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Advanced Photon Source


The Advanced Photon Source (APS) at Argonne National Laboratory is a national synchrotron-radiation light source research facility funded by the United States Department of Energy, Office of Science, Office of Basic Energy Sciences. Argonne National Laboratory is managed by UChicago Argonne, LLC, which is composed of the University of Chicago, Jacobs Engineering Group Inc. and BWX Technologies, Inc. (BWXT).

Using high-brilliance X-ray beams from the APS, members of the international synchrotron-radiation research community conduct forefront basic and applied research in the fields of materials science, biological science, physics, chemistry, environmental, geophysical, planetary science, and innovative X-ray instrumentation.

How APS works

Electrons are produced by a cathode that is heated to about 1,100°C (2,000°F). The electrons are accelerated to 99.999% of the speed of light in a linear accelerator.[1] From the linear accelerator, the electrons are injected into the booster synchrotron. Here, the electrons are sent around an oval racetrack of electromagnets, providing further acceleration. Within one-half second, the electrons reach 99.999999% of the speed of light.[2] Upon reaching this speed, the electrons are injected into the storage ring, a 1,104 meter (3 622 ft) circumference ring of more than 1,000 electromagnets.[3]

Once in the storage ring, the electrons are available for use in experimentation. Around the ring are 40 straight sections. One of these sections is used to inject electrons into the ring, and four are dedicated to replenishing the electron energy lost though x-ray emission by using 16 radio-frequency accelerating cavities. The remaining 35 straight sections are equipped with insertion devices. Insertion devices, usually wigglers or undulators, cause electrons to wobble through the section, thus emitting light. Due to the relativistic velocities of the electrons, that light is Lorentz contracted into the x-ray band of the electromagnetic spectrum.[4]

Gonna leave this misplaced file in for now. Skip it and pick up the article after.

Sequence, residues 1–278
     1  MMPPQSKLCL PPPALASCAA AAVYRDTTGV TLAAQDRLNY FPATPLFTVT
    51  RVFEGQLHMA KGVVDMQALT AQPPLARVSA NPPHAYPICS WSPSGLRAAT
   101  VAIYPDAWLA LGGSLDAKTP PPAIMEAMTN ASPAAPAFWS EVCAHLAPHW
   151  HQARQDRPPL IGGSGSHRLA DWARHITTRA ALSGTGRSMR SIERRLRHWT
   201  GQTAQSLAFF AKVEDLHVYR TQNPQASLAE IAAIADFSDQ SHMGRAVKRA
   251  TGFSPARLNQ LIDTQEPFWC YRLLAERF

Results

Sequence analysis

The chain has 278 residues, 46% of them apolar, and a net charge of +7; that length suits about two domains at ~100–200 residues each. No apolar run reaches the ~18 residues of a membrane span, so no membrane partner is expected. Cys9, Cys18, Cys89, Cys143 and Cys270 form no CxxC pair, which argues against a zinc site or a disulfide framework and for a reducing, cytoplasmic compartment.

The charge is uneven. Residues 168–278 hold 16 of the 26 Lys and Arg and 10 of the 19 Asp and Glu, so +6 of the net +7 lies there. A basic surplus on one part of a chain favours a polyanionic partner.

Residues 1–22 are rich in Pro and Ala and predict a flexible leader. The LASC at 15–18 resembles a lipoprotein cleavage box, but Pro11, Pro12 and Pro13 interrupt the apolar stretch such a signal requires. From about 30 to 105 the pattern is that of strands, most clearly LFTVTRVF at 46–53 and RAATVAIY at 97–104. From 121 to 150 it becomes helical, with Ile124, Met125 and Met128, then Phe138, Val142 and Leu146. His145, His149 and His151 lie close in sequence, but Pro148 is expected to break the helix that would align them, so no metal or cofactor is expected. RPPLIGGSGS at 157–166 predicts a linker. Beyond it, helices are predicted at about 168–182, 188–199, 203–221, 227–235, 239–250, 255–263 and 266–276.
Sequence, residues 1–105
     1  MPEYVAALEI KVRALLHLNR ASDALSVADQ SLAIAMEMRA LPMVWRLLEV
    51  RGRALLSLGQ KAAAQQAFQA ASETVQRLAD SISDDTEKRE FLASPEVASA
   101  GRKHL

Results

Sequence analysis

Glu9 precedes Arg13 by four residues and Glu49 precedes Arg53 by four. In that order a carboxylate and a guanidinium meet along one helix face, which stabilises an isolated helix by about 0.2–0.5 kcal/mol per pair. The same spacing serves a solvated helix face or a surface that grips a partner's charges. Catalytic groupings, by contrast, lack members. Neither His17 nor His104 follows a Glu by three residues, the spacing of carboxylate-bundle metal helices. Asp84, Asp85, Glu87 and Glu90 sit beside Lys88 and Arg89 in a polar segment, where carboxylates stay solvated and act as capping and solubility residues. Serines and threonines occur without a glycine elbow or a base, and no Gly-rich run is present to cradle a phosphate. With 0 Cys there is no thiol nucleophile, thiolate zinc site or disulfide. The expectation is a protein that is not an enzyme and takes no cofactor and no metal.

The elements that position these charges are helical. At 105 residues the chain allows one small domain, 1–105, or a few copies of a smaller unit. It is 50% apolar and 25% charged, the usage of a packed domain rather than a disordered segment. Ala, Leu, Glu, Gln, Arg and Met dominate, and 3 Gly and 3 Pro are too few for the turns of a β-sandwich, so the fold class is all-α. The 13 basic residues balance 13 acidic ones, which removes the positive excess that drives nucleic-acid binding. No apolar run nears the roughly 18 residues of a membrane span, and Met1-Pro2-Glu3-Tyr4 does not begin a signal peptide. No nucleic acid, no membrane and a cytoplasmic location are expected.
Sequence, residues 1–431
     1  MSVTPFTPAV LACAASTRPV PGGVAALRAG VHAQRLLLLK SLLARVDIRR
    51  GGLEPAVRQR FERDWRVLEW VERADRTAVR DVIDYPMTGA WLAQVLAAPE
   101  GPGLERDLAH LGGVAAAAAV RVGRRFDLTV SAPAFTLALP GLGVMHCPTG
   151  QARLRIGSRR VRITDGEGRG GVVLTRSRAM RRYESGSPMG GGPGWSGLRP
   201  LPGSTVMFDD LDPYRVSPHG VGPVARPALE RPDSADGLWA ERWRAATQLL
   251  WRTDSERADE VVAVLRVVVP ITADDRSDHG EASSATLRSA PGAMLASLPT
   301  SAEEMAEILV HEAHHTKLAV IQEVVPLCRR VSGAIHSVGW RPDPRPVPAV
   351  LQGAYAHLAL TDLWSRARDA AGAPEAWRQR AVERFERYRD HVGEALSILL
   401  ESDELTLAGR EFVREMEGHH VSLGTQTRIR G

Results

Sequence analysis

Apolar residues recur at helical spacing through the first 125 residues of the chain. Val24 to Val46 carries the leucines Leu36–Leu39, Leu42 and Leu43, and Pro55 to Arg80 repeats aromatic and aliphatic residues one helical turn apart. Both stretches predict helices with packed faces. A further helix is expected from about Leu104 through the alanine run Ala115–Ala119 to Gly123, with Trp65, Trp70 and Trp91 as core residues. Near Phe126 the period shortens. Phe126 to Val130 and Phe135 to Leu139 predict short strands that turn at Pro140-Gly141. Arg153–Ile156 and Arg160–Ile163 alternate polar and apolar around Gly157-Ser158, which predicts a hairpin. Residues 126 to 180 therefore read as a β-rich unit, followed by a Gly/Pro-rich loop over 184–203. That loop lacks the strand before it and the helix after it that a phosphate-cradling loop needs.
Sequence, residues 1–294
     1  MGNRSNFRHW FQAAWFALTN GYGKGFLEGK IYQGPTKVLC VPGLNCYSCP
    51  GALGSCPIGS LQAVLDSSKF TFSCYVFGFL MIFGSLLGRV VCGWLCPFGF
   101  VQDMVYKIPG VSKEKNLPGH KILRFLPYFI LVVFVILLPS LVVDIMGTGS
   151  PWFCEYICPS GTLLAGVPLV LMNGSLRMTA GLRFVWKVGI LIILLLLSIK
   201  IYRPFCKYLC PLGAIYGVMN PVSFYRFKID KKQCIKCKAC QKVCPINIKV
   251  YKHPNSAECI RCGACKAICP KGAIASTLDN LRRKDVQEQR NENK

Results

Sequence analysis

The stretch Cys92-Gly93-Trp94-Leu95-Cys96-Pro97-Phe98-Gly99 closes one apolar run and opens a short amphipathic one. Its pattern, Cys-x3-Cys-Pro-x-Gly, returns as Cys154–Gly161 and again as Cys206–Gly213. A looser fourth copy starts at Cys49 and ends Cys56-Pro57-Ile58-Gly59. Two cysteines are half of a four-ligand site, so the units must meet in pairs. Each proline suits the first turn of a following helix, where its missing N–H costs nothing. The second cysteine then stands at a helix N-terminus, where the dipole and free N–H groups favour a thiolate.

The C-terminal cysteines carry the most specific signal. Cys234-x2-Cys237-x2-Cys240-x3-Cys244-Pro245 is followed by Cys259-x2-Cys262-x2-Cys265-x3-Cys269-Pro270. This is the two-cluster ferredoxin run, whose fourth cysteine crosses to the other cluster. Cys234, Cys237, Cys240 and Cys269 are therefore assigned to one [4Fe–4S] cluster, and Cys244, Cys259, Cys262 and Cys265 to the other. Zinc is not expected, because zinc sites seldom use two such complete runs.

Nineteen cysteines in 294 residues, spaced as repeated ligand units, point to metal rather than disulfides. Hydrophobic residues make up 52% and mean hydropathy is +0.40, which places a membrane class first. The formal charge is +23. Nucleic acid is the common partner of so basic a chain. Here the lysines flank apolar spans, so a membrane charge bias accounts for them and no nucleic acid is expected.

The Experiment Hall surrounds the storage ring and is divided into 35 sectors, each of which has access to x-ray beamlines, one at an insertion device, and the other at a bending magnet.[5] Each sector also has a lab/office module offering immediate access to the beamline.[6]


  1. ^ Linear Accelerator. Argonne National Laboratory. Retrieved on 5 October, 2005.
  2. ^ The Booster Synchrotron. Argonne National Laboratory. Retrieved on 5 October, 2005.
  3. ^ The Electron Storage Ring. Argonne National Laboratory. Retrieved on 5 October, 2005.
  4. ^ Ibid.
  5. ^ APS Experiment Hall & Beamlines. Argonne National Laboratory. Retrieved on 5 October, 2005.
  6. ^ APS Experiment Hall & Beamlines (cont'd). Argonne National Laboratory. Retrieved on 5 October, 2005.

Coordinates: 41°42′13″N, 87°59′17″W

This article is licensed under the GNU Free Documentation License. It uses material from the Wikipedia article "Advanced_Photon_Source". A list of authors is available in Wikipedia.
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